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October 1, 2014
Column #1,727
“Cost of Discipleship Award”
By Mike McManus

If you had a chance to save your life by denying your faith, would you do so? Meriam Ibrahim faced that choice in Sudan several months ago. Raised as a Christian, in 2011 she married a Christian American named Daniel Wani.

“In the eyes of the Islamist government of Sudan, however, Meriam’s Christian profession of faith and her marriage to a non-Muslim man were, respectively, acts of apostasy and adultery. The sentence: 100 lashes and death by hanging.”

“For weeks Meriam was chained to the walls of a filthy prison, one child beside her and another stirring in her womb. To walk free, she need utter only a few simple words: `I am not a Christian.’ Against the natural yearnings of a young mother and the universal will to live, Meriam held fast. Had she recanted, who would not have sympathized with her plight?”

Those quoted words are from the Family Research Council’s first “Cost of Discipleship Award,” given to Meriam Ibrahim last Saturday night.

FRC helped mobilize bipartisan political support for her. One of the first to help was Rep. Frank Wolf, R-VA, who is retiring this year after 34 years in the House. He sponsored a bill creating a Religious Freedom Restoration Act, requiring the State Department to issue an annual report on religious freedom around the world.

One of the worst countries is Sudan, where President Omar al-Bashir invited Bin Laden to live from 1991-4, and is the first President of a country to be accused by the International Criminal Court of acts of genocide and crimes against humanity, such as killing at least 200,000 to 400,000 Christians. Rep. Wolf visited Khartoum, its capital, a number of times which he called “the heart of darkness.”

“Meriam was up against one of the most evil men in the world, President al-Bashire,” said Wolf, “where 2 million died, were tortured or enslaved. We saw villages burned and women had been raped. Yet in this heart of darkness, Meriam refused to renounce her faith. Would I do the same thing, if I were in her shoes? I don’t know.”

Reader, what would you have done?

Rep. Chris Smith (R-NJ) asked the Obama Administration, to go to bat for Meriam and for another case involving Pastor Saeed Abedini who is imprisoned in Iran (details below). Smith’s pleas were “met with indifference by the State Department” who said, “There is nothing we can do.”

One small organization, Hardwired Global, provided crucial help within Sudan. Its director, Tina Ramirez, told FRC supporters, “There is a huge missing link in advocacy for human rights. People in Sudan did not know what their rights are – that religious freedom was for everyone. Without it, human conscience cannot exist. My legal team worked with her five Muslim lawyers. We had to invest on the ground with those standing for Meriam.”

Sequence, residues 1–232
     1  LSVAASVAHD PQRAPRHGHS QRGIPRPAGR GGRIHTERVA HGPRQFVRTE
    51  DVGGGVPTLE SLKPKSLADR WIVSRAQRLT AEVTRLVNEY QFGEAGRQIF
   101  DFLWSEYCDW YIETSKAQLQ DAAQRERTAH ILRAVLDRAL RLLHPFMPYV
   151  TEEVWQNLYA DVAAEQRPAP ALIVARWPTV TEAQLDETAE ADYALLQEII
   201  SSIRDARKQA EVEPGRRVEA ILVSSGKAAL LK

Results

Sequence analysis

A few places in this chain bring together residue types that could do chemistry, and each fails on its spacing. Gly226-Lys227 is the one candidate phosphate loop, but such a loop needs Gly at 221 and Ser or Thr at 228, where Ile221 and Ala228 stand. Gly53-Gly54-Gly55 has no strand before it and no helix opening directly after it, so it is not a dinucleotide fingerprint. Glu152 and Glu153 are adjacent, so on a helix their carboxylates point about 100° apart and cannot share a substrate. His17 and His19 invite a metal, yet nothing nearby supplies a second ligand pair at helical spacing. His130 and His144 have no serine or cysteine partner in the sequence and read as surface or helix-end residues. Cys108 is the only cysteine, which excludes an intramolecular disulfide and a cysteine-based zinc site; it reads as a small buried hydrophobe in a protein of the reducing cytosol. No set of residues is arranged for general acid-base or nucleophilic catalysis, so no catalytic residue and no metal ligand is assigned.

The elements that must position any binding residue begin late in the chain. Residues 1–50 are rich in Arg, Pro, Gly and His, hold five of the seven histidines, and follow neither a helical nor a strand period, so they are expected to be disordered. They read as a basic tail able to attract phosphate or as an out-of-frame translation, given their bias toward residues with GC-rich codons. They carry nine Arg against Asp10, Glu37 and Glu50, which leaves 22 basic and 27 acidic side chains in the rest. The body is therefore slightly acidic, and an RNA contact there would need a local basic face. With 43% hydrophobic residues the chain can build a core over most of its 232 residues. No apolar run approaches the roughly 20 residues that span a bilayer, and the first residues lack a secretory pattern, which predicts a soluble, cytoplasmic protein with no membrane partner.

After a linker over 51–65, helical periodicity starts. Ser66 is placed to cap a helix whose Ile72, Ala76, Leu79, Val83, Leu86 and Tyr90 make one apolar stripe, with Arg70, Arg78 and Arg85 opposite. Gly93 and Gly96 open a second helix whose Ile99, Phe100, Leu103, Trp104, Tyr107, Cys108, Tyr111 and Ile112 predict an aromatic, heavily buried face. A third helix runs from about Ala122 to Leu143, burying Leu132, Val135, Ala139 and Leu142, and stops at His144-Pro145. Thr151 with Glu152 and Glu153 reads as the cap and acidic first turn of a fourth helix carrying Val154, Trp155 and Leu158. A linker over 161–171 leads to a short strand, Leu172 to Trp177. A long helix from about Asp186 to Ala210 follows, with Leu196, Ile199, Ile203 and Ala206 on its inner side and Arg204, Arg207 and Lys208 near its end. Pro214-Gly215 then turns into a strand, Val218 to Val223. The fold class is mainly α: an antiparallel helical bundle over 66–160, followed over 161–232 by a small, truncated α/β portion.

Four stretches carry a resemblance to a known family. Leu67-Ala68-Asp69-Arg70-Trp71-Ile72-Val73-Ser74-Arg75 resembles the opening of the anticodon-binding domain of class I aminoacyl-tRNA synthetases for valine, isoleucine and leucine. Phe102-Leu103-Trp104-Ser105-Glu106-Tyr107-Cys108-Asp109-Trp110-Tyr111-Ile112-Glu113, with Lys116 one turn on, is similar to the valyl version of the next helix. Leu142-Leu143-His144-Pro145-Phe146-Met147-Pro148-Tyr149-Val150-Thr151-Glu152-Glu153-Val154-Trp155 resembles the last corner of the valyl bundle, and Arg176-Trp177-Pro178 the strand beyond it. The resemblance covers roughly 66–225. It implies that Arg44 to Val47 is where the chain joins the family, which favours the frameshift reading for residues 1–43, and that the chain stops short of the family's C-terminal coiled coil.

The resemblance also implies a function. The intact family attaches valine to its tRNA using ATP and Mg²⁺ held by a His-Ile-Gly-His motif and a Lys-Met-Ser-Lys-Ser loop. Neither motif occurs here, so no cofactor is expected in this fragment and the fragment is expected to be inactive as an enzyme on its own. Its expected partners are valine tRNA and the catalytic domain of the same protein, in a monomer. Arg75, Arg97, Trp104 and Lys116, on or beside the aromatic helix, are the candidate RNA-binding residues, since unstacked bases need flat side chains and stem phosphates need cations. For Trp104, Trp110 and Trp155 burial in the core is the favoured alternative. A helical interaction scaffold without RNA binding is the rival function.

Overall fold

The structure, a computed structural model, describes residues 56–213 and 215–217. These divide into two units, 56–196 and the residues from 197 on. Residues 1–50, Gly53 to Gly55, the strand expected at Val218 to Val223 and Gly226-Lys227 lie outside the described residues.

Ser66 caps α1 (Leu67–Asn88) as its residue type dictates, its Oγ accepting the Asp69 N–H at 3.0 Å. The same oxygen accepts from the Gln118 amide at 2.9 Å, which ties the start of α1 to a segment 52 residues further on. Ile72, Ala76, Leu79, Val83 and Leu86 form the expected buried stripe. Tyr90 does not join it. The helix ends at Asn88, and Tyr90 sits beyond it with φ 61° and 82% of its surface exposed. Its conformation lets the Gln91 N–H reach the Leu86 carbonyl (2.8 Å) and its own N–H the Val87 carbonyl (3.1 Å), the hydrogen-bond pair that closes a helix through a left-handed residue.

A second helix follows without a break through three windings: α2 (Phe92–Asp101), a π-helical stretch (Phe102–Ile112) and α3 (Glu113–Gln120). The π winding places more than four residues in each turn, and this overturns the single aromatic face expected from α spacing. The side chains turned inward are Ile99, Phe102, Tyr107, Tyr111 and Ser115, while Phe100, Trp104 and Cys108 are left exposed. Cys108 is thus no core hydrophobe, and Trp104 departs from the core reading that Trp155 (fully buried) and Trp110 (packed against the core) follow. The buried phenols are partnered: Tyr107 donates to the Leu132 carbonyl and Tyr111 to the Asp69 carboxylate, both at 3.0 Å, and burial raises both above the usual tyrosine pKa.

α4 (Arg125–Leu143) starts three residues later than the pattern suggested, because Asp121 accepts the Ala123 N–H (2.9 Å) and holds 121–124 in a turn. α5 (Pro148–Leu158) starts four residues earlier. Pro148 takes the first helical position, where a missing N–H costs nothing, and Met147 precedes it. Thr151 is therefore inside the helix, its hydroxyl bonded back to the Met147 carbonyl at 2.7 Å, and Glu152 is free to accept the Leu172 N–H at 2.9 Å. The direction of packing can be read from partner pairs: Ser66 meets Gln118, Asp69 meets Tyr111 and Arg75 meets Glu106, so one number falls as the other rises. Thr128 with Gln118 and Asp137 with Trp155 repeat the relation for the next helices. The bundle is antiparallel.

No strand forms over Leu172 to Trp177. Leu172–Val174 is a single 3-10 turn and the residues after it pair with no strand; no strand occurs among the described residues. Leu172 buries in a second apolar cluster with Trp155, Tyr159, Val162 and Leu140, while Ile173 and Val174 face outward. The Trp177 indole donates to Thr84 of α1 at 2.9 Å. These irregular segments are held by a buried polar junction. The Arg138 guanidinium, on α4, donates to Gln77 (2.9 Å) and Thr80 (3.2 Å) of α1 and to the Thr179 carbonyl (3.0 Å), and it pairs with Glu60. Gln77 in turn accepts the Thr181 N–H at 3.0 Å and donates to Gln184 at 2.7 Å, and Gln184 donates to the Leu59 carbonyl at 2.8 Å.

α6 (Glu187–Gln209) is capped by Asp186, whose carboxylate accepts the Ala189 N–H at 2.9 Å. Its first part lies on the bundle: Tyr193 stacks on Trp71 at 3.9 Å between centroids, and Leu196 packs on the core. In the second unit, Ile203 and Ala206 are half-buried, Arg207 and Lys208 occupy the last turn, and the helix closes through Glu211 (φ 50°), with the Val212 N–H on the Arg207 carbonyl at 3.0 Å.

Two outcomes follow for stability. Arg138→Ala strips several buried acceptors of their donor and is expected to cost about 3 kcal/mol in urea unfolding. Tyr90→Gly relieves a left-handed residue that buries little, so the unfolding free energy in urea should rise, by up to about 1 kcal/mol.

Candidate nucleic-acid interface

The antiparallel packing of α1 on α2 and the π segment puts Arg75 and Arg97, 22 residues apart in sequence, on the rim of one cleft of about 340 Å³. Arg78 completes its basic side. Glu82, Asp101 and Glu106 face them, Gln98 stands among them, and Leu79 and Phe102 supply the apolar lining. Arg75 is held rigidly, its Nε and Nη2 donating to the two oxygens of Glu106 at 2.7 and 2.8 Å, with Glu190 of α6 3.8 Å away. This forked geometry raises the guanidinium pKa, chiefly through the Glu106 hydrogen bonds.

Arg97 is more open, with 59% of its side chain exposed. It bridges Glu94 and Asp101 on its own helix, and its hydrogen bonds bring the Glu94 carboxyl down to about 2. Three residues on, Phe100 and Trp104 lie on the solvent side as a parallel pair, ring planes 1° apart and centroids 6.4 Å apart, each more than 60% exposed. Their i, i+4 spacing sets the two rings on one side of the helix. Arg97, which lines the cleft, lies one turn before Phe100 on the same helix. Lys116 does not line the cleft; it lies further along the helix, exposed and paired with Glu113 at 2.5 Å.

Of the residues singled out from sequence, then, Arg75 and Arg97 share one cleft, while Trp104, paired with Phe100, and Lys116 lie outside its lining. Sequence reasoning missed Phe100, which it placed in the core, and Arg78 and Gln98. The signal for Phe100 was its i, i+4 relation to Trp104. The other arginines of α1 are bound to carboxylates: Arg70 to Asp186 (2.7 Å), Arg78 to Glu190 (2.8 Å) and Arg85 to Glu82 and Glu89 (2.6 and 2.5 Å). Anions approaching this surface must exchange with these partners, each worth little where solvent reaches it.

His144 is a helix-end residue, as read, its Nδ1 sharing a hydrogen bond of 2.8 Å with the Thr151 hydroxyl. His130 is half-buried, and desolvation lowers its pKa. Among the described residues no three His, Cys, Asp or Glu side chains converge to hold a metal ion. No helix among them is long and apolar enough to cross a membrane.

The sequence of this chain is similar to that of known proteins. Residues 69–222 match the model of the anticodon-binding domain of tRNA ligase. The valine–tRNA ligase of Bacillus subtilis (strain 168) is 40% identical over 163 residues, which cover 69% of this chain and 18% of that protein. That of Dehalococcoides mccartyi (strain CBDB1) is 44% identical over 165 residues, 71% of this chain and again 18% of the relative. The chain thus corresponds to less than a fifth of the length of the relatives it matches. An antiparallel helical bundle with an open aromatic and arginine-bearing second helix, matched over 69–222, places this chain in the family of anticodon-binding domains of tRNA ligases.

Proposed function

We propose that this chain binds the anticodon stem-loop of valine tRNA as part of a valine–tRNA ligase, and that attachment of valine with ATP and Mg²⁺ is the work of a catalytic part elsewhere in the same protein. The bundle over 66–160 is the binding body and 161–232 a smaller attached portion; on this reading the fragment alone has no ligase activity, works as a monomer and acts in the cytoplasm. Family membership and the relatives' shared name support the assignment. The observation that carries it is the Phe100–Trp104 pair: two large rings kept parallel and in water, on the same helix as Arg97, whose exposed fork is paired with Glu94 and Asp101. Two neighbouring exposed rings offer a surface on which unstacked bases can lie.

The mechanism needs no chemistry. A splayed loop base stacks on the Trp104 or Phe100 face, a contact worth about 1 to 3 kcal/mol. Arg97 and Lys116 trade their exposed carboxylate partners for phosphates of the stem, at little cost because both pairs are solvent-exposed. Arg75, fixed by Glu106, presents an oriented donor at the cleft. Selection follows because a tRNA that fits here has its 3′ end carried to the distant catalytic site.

Finally, more help came from freshman Congressman Mark Meadows (R-NC) who actually called Sudan’s Ambassador to the U.S., saying, “The American people don’t understand how you could let a mom stay in prison, give birth in prison…It is hard to fathom.” That call to the Ambassador plus many more to follow - did lead to Meriam’s release.

FRC’s Award states: “Meriam Ibrahim proved herself willing to give the last full measure of devotion. In so doing, she provided an example of eternal witness in a world desperate for meaning. She embraced love and sacrifice, the essence of both her motherhood and her faith. Her incredible story reached out to and touched people in every nation. And, as so often happened in the lives of the first disciples, her resolution finally opened the prison gates and unloosed the shackles that could not bind her soul. The truth set her free.”

However, there are other Christian believers in jail. One prominently mentioned at the FRC gala for Meriam was Saeed Abedini, 34, a pastor, father and husband from Idaho who was in Iran to build an orphanage. Two years ago he was arrested on criminal charges for his Christian faith. He spent weeks in solitary and was denied medical treatment for infections resulting from beatings.

His wife, Nagmeh Abedini, told the FRC crowd, “I am proud for his standing up in the face of torture and beating…I need to get him home.” A petition to free him has been signed by 610,000 people. To learn more go to

And consider contributing to to help free others. As Meriam told FRC, “I thank all the organizations working for freedom. There are many who still need help in Sudan and around the world.”

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